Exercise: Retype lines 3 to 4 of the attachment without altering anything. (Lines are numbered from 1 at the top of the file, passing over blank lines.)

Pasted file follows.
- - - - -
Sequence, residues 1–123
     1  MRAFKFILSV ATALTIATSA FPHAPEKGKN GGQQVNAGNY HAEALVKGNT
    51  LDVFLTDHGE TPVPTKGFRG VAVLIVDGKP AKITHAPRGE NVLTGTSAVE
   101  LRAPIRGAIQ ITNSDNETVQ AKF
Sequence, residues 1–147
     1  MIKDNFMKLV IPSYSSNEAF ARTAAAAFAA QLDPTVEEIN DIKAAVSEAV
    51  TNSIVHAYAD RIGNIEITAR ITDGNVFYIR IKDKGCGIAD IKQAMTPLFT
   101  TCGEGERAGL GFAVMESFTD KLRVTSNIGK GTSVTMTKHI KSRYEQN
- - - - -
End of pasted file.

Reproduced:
    51  LDVFLTDHGE TPVPTKGFRG VAVLIVDGKP AKITHAPRGE NVLTGTSAVE
   101  LRAPIRGAIQ ITNSDNETVQ AKF